Sunday, December 15, 2013

Tiptoe through the Clause 377 tulips

In this post instead of justifying the Supreme Court decision on NAZ Foundation case as I had done in a recent post [1] (tongue fully in cheek) tackling the issue from left field, I want to shift to the right field, the field of human rights. I am going to ask the learned judges certain questions based on the newspaper report I have read [2]. The questions arise in the mind of a person who is not a legal eagle. E&OE.
To start with the basics, “the Supreme Court on Wednesday held that homosexuality or unnatural sex (my emphasis) between two consenting adults under Section 377 of the Indian Penal Code is illegal and will continue to be an offence.” The exact words used in the clause of the IPC impugned by the Delhi HC and now restored to its wrongful position by the Supreme Court are “against the order of nature.”
Are the judges aware that homosexuality is not confined to Homo sapiens sapiens? As it is not exclusive to our species and occurs in the natural world how can it be unnatural? Be that as it may, even if homosexuality is not practiced by any other species, it cannot be against the order of nature because it is practiced by humans, who are part of nature. In my humble opinion, then, the SC Bench should have concurred with the Delhi HC verdict, or at the very least removed the offending phrase “against the order of nature” from the said clause. It did neither. Tut, tut …
The Bench also said that the disputed clause does not violate the Indian Constitution. Yet, it said that, “the competent legislature (my emphasis) shall be free to consider the desirability and propriety of deleting Section 377 from the statute book or amend it …” Now, this is where the tiptoeing-through-the-tulips comes into picture. Would deleting a section of the constitution which has been specifically found to be valid by the Supreme Court not raise constitutional questions? Like, the Parliament has gone behind the back of the judicial branch of the government. I would imagine it does. What if the law comes in front of the Supreme Court? Will it go with the precedent or annul it? What would that say about the judicial branch’s fealty to history and integrity? Then, will we not be opening boxes of Pandoras?
OK, you say, let us go in for a constitutional amendment, bypass the Supreme Court. Not so fast, not so easy. Even ignoring that it is not the legislature in its basic set of functions that amends the constitution, we have the Basic Structure doctrine which does not appear in the document yet has been read into it. What if the Supreme Court takes suo moto cognition of the issue? Then, it can read even Clause 377 into the Basic Structure. No point saying it is improbable. We are talking about possibilities here, and not probabilities, you must remember. Another Pandora.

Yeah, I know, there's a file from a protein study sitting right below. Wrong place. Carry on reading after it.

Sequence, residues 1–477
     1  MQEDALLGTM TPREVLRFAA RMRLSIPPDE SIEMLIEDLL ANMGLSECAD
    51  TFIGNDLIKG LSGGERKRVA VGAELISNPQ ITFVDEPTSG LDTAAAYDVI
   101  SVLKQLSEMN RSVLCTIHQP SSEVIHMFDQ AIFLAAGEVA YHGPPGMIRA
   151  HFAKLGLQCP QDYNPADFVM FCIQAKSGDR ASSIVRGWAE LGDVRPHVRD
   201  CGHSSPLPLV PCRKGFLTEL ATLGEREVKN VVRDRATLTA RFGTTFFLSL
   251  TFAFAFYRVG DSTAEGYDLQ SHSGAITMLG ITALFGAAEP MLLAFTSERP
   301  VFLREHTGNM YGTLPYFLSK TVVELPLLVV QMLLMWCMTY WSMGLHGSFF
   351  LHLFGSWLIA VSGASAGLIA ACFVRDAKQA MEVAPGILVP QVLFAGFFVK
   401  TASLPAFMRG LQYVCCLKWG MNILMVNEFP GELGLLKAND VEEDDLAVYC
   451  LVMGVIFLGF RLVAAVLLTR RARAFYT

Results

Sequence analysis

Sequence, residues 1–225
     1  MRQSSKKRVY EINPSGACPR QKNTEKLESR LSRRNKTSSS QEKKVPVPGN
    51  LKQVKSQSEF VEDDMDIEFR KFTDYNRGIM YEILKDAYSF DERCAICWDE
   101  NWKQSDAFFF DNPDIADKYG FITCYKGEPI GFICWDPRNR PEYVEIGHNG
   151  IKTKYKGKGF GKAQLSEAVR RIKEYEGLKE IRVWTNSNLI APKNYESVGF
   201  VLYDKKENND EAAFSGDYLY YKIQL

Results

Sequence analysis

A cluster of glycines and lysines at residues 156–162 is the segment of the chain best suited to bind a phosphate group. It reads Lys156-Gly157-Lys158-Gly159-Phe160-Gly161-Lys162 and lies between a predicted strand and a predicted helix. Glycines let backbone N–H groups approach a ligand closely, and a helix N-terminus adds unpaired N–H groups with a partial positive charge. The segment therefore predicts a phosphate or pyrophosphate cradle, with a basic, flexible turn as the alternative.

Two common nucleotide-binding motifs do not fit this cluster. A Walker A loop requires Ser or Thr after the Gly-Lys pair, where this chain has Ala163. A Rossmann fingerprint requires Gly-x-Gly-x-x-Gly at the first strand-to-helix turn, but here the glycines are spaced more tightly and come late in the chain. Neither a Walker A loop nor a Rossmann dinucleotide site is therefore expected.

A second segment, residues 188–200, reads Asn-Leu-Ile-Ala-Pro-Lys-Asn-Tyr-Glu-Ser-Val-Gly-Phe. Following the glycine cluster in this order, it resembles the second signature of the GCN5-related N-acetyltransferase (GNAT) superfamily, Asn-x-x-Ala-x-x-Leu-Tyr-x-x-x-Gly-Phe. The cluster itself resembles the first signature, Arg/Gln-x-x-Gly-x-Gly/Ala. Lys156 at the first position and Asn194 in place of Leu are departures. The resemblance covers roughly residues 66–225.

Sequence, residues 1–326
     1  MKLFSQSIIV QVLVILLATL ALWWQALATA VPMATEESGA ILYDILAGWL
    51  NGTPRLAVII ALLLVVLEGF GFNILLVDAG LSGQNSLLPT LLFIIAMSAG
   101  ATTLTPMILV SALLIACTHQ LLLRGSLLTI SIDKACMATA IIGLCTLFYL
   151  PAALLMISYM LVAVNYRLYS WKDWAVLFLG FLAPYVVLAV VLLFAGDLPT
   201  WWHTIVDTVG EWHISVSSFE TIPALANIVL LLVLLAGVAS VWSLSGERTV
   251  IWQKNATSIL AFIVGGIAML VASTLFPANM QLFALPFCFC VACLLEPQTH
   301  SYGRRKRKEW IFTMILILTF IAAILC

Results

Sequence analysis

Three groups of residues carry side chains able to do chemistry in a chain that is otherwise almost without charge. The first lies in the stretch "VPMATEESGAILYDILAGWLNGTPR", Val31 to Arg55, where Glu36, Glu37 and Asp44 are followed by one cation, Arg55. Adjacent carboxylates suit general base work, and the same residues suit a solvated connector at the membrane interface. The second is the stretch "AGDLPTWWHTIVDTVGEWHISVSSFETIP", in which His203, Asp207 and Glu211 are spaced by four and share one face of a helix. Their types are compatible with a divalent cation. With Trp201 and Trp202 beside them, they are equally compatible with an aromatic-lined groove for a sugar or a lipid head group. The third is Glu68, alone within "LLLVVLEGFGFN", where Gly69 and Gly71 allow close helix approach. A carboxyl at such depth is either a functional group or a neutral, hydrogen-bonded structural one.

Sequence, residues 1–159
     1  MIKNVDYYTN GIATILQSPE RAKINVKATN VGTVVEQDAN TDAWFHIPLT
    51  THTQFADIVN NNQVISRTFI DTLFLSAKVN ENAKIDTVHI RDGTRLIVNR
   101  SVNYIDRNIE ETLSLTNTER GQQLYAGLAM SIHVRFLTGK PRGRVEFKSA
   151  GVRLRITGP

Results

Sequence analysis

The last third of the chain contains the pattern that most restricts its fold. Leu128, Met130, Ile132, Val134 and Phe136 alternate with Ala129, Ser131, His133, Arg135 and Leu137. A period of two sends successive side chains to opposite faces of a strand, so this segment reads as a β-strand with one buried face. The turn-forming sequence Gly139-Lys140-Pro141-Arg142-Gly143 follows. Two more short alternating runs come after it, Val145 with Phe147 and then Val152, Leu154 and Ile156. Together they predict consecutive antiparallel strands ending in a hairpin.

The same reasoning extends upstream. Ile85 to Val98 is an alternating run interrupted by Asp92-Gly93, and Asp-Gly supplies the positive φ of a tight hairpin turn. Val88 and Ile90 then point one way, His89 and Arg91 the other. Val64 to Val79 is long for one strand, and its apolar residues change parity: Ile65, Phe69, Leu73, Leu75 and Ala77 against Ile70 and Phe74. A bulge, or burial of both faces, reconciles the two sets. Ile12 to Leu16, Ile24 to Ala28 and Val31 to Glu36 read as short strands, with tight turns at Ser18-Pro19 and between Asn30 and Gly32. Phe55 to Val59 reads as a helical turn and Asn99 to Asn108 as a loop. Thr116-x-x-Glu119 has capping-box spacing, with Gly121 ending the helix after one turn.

One of the judges opined that LGBT “constitute different classes” of people. Based on this classification, the learned judge said, “...the people falling in the latter [LGBT] category cannot claim that Section 377 suffers from the vice of arbitrariness and irrational classification.” My question here is, whence the classification. Obviously not in the constitution. Then, how has the classification been read into it? Indeed, such classification appears to be arbitrary and irrational!
Now, we play the numbers game. The Bench also took recourse to the fact, “a miniscule fraction of the country’s population constitutes lesbians, gays, bisexuals or transgenders, and in the more than 150 years past, less than 200 persons have been prosecuted for committing offence under Section 377”. For the sake of argument, let us agree that the LGBT group is minuscule.
When have the rights of a citizen come to depend on the numbers of any category under any classification? We live in a country that is justifiably proud of the fact that it gives access to individuals to exercise their franchise by locating voting booths in the remotest places, some for as few as a dozen people or even less. Then, does such facilitation run afoul of the numbers game the Bench is playing?
The above questions are not exhaustive; they are my immediate queries. Perhaps among the few of my readers, some may find in them to ask himself or herself these questions, get an answer and educate me.
Till then, I will be tiptoeing through tulips.
Raghuram Ekambaram
2.    Supreme Court sets aside Delhi HC verdict decriminalizing gay sex, J Venkatesan, The Hindu, December 12, 2013

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